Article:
- Spanish counterculture during the Transition
With the death of Francisco Franco in November 1975 after 39 years of dictatorship, Spain began a process of political evolution, called la Transición, towards a system comparable to the European democracies. This process would affect many spheres of Spanish society and especially young people, who had already started to demand freedoms that Franco’s regime had denied them in the final years of his dictatorship.
The influence of American counterculture, pacifist protests against the Vietnam War, and the new rock and punk trends coming from the United Kingdom left a mark on the Spanish youth, who began to demand greater political freedom at university. At the same time, in the peripheral neighbourhoods of Barcelona and Madrid – which had been hard hit by the economic crisis of the 1970s and were more socially aware – a countercultural movement emerged that would express itself through its own publications.
Magazines and fanzines proliferated as a vehicle for expressing disenchantment against a system from which young people felt more and more alienated. Despite the continuous problems with censorship in the last years of Franco’s regime, which subjected many such publications to closures and bans, they were the main mouthpiece of a youth that tried to create their own cultural channels in opposition to the official culture, which had no room for their concerns.
Star and Ajoblanco: loudspeakers of the counterculture
Of all these publications, the magazines Star and Ajoblanco were the most influential exponents of Spanish counterculture, but from different points of view. Star, initially dedicated to comics, evolved towards music and film criticism, reports and interviews, always outside the official channels, reaching a circulation of 25,000 copies. Ajoblanco, which achieved a circulation of 100,000, had a more libertarian slant, and kept its focus on political and social analysis.
Under the protection of the new freedoms, which they managed to broaden, in its pages they openly talked about those subjects that had been forbidden and which the official culture did not want to cover, such as rock music, sex, drugs and homosexuality.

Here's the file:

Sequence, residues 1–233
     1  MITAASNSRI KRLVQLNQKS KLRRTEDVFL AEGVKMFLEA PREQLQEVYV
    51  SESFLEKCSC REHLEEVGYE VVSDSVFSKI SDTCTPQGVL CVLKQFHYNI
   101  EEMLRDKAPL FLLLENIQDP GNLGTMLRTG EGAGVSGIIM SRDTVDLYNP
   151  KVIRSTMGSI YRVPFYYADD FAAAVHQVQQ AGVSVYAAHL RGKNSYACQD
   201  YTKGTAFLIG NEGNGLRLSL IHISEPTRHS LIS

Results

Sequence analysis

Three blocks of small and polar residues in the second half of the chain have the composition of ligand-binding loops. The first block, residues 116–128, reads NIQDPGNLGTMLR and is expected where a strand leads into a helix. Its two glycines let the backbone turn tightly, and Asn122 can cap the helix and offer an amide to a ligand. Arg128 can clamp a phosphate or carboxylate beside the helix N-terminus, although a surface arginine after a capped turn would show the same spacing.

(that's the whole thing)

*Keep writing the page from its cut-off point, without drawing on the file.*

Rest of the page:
Figures such as Mariscal, Nazario, Ceesepe, el Hortelano, Ouka Leele, Alberto García Alix or Pedro Almodóvar himself published their first comics and pictures in Star, which also made the most rebellious hard rock or punk groups known, such as Leño, Asfalto or Barón Rojo later on, or those who simply wanted to express themselves in a free and festive way without the constraints of more conventional music, such as Alaska y los Pegamoides, Nacha Pop or Radio Futura.
Many of these artists, who embraced the counterculture to make a place for themselves in a society where they did not feel represented, evolved towards less political or social and more playful positions in an atmosphere of continuous cultural effervescence. This gave shape to what became known as the ‘Movida’, and it was the banner of the modernity of the new democratic Spain in the world.
This post is part of the editorials of Europeana SUBTITLED, a Europeana Generic Services project including seven major national broadcasters and audiovisual archives from seven European countries.
Under the theme of 'Broadcasting Europe’ our editorials showcase how society has been reflected on the television screen in the past eight decades during times of conflict, restrictive regimes, political change, and peace. To this end, we’re using a diverse range of material from Europeana, with a focus on lesser-known and newly aggregated AV content. For more information about Europeana SUBTITLED, visit this page on Europeana Pro.